An extract on #capturedifferent
On 19 May 1789, Louis XVI invited the Estates-General (les tats-gnraux) to air their grievances. Of the three estates in France, the deputies of the Third Estate (le Tiers tat), representing the common people, decided to break away from the two others - the Catholic clergy (clerg, Roman Catholicism being the state religion at that time) and the nobility (noblesse). The Third Estate took the Tennis Court Oath (le serment du Jeu de paume, 20 June 1789), swearing not to separate until a constitution had been established. They were gradually joined by sympathising delegates of the other estates; Louis XVI started to recognise the validity of their concerns on 27 June. The assembly renamed itself the National Constituent Assembly (Assemble nationale constituante) on 9 July.
Jacques Necker, the finance minister, who was sympathetic to the Third Estate, was dismissed on 11 July. The people of Paris then stormed the Bastille, fearful that they and their representatives would be attacked by the royal army or by foreign regiments of mercenaries in the king's service, and seeking to gain ammunition and gunpowder for the general populace. The Bastille was a fortress-prison in Paris which had often held people jailed on the basis of lettres de cachet (literally "signet letters"), arbitrary royal indictments that could not be appealed and did not indicate the reason for the imprisonment. The Bastille held a large cache of ammunition and gunpowder, and was also known for holding political prisoners whose writings had displeased the royal government, and was thus a symbol of the absolutism of the monarchy. As it happened, at the time of the attack in July 1789 there were only seven inmates, none of great political significance.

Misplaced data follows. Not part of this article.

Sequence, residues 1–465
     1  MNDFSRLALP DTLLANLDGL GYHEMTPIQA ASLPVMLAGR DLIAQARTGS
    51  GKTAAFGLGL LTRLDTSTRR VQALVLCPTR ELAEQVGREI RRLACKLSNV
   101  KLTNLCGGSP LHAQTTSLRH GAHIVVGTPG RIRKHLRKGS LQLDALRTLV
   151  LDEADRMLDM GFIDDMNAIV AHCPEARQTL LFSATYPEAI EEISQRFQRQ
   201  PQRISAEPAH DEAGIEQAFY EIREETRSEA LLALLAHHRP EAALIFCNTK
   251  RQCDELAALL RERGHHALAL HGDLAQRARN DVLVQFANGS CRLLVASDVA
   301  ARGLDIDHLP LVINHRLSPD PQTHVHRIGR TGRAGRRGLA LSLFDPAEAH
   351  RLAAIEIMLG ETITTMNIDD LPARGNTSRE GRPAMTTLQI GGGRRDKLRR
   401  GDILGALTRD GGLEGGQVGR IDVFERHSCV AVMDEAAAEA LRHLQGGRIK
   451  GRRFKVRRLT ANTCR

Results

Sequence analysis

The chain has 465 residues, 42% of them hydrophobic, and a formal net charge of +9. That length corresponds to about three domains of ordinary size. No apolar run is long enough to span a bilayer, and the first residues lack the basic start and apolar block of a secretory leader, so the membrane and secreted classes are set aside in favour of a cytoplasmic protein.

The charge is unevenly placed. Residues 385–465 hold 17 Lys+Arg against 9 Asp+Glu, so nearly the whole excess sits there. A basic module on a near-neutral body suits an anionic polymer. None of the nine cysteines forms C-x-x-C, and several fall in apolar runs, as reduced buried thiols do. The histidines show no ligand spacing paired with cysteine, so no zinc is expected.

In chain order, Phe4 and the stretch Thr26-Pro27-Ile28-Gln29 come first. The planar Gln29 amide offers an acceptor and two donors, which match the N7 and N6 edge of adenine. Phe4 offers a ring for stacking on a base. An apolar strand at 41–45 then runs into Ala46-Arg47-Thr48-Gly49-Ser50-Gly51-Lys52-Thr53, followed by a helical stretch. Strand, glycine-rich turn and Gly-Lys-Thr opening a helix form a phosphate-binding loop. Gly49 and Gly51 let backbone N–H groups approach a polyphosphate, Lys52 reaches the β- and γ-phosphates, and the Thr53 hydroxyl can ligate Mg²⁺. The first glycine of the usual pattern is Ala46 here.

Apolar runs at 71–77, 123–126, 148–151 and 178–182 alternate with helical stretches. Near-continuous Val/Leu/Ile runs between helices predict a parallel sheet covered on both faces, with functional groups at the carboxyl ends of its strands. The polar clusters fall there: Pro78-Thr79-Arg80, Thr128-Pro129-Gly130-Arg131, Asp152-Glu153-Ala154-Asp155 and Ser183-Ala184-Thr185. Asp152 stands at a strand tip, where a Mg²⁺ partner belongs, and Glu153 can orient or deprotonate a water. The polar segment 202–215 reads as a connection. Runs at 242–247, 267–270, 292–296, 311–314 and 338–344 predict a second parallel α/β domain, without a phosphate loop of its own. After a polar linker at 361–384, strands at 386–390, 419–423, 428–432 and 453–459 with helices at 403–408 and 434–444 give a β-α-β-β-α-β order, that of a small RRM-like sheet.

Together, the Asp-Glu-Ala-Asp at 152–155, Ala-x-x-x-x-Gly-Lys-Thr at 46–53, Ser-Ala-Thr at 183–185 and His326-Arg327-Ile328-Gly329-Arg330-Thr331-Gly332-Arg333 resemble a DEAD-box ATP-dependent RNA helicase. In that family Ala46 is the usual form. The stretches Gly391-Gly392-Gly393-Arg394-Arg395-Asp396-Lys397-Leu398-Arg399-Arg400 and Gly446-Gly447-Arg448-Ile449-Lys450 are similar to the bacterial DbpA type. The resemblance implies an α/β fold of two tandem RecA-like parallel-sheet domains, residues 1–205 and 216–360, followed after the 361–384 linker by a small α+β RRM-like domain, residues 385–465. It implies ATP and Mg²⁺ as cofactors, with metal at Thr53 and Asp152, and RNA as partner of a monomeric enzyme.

The crowd was eventually reinforced by mutinous Gardes Franaises ("French Guards"), whose usual role was to protect public buildings. They proved a fair match for the fort's defenders, and Governor de Launay, the commander of the Bastille, capitulated and opened the gates to avoid a mutual massacre. However, possibly because of a misunderstanding, fighting resumed. According to the official documents, about 200 attackers and just one defender died in the initial fighting, but in the aftermath, de Launay and seven other defenders were killed, as was Jacques de Flesselles, the prvt des marchands ("provost of the merchants"), the elected head of the city's guilds, who under the feudal monarchy also had the competences of a present-day mayor.
Shortly after the storming of the Bastille, late in the evening of 4 August, after a very stormy session of the Assemble Constituante, feudalism was abolished. On 26 August, the Declaration of the Rights of Man and of the Citizen (Dclaration des Droits de l'Homme et du Citoyen) was proclaimed (Homme with an uppercase h meaning human, while homme with a lowercase h means man).